You may wish to bear in mind Wishart's past conduct if you are to approach the new Investigate cover story. The Truth About Marijuana Reform.
As usual, Wishart begins with his conclusion and works hard to select evidence that meets his purpose. In this case, it's tempting to conclude that it's all simply a path to his real goal: the George Soros conspiracy. That being that the billionaire Soros, a notable donor to evidence-based projects, is the money-man behind a global liberal plot.
Specifically: Soros's Open Society Institute contributed $35,000 last year to an international drug policy conference hosted by the New Zealand Drug Foundation. The majority of those who attended take the view that that the key to drug policy is reducing the harms caused by drugs.
Wishart, on the other hand, praises the ultra-prohibitionist approach of Sweden, and presents some figures on marijuana use in comparison to the Netherlands, but doesn't note that Sweden's rate of youth cannabis use is above the European average, and above that of Germany, which effectively decriminalised marijuana some time ago. How, he wails, could any decent person believe that harm minimisation is a better approach than Sweden's zero-tolerance?
Here are some starters: Sweden's rate of drug-related deaths is twice that of the Netherlands. In the period where Sweden's ultra-prohibitionist policies have been implemented, the prevalence of heroin use has remained at about 1% (the same as the Netherlands) – but the number of heroin-related deaths has increased by 42%. Overall, the number of drug-related deaths annually in Sweden has nearly doubled between 1995 and 2007.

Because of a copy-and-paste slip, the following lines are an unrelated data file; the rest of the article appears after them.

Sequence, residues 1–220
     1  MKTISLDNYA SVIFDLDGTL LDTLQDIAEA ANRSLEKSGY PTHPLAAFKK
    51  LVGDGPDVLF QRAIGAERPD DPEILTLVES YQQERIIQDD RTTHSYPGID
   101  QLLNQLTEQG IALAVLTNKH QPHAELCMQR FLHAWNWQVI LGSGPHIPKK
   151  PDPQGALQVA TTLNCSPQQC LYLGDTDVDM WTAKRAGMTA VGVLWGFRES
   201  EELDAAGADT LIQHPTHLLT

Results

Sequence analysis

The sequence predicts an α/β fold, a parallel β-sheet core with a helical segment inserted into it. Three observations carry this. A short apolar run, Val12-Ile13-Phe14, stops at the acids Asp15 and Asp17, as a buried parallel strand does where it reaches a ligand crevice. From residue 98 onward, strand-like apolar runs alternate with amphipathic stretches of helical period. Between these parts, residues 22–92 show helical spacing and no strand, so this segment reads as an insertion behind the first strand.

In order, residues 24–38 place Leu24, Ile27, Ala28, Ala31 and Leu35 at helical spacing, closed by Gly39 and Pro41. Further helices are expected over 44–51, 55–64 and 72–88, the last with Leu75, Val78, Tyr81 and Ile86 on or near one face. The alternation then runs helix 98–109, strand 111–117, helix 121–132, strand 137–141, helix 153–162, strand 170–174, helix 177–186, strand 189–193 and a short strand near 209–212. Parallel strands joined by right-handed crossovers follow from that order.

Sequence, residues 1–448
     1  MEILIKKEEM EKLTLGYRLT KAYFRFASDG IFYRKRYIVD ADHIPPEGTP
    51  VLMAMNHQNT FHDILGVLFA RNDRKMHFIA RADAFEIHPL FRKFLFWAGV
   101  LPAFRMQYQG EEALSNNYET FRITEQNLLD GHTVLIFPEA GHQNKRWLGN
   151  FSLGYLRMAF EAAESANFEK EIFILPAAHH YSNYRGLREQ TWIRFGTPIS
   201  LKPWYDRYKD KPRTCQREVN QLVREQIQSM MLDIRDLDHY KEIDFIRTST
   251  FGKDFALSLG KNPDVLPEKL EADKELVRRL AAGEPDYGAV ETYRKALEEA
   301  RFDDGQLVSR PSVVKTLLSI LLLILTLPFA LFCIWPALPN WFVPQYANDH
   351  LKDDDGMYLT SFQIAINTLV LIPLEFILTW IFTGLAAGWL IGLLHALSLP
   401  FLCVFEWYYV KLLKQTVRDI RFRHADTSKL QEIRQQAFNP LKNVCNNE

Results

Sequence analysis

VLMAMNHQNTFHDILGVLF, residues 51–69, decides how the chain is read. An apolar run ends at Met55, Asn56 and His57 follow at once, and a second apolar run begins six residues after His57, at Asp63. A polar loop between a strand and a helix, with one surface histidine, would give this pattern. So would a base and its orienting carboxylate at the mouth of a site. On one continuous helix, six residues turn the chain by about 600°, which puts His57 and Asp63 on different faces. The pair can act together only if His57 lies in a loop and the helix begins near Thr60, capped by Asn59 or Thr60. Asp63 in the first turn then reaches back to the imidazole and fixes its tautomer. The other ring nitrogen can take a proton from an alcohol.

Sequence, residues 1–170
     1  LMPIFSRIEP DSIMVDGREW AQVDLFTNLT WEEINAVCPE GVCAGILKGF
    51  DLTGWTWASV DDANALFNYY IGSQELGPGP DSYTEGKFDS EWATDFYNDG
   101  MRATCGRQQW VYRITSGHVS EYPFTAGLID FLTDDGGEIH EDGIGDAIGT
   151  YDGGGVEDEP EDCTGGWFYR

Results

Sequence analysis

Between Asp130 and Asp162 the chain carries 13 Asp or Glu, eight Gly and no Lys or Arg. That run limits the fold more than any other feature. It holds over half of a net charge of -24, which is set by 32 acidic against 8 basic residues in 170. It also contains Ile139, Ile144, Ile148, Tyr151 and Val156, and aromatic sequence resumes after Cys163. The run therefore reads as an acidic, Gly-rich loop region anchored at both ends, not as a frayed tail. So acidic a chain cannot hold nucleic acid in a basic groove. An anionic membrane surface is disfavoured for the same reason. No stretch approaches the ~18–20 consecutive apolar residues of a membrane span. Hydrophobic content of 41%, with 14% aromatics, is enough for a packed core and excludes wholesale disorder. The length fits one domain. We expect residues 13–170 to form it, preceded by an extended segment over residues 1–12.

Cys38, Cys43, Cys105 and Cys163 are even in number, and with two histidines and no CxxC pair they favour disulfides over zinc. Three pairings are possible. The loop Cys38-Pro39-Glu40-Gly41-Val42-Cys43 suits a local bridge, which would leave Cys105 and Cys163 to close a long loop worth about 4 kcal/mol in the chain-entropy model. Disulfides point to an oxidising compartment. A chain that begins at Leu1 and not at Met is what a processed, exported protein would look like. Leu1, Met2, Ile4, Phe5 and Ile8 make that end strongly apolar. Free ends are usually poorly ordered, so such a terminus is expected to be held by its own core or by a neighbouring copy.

Bear in mind also that Sweden's official drug rate has actually been suppressed since it opted for a narrower definition in the 1990s.
A paper by Henrik Tham of the Department of Criminology, Stockholm University, Swedish Drug Policy and the Vision of the Good Society, confronts the "Swedish model" head-on. From the abstract:
Swedish drug policy has according to official declarations been successful. The picture has recently been challenged through rising drug use and rising drug related mortality. This development has taken place in spite of the restrictive Swedish policy with further penalization of drug consumption, increasing number of police officers working with drug crime and rising number of persons sentenced to prison for drug offences …
The picture that emerges is a denial of the failure of the old Swedish model but at the same time an alarmist stand with demands for increases of resources for information, treatment and control. The strategies chosen can be derived from two central themes in Swedish drug debate: 'a drug-free society' and 'total rehabilitation'. The two in turn seem to be aspects of an underlying vision—the vision of the good and integrative welfare society.
These examples should, to any rational reader, help explain the philosophy behind harm minimisation.
But Wishart has a more exciting idea as to "a character like George Soros [would] have an interest in ''harm minimisation'":
Legalising narcotics worldwide worldwide would allow business financiers like Soros to control large chunks of the drug trade "legitimately". They could own the opium poppy field, pay poor peasants to harvest, control distribution and supply of drugs to market …
Of course. That'll be it.
I'm a bit pressed for time today to turn over the rest of the story, but I've posted it here for purposes of criticism and review and you are welcome to do both. I believe this falls under the fair dealing provisions of the Copyright Act, but if the owner objects, I'll remove the link.